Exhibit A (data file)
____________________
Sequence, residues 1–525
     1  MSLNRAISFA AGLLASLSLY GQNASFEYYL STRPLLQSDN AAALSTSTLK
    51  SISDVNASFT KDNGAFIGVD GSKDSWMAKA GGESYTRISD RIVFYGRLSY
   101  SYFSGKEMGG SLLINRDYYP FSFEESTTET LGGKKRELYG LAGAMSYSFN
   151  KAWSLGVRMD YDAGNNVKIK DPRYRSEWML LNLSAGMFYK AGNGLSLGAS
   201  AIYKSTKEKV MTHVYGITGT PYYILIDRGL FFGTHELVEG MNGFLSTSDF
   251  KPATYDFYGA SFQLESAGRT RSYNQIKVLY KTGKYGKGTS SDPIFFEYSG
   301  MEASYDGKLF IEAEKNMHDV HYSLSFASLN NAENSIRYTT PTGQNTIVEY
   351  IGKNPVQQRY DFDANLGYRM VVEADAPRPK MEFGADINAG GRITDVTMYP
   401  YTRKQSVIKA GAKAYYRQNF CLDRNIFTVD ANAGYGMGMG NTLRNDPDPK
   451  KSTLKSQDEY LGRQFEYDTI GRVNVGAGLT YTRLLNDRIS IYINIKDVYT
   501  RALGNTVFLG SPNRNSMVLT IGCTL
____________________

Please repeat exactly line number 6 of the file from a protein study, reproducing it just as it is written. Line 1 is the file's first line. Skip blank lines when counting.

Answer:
   201  AIYKSTKEKV MTHVYGITGT PYYILIDRGL FFGTHELVEG MNGFLSTSDF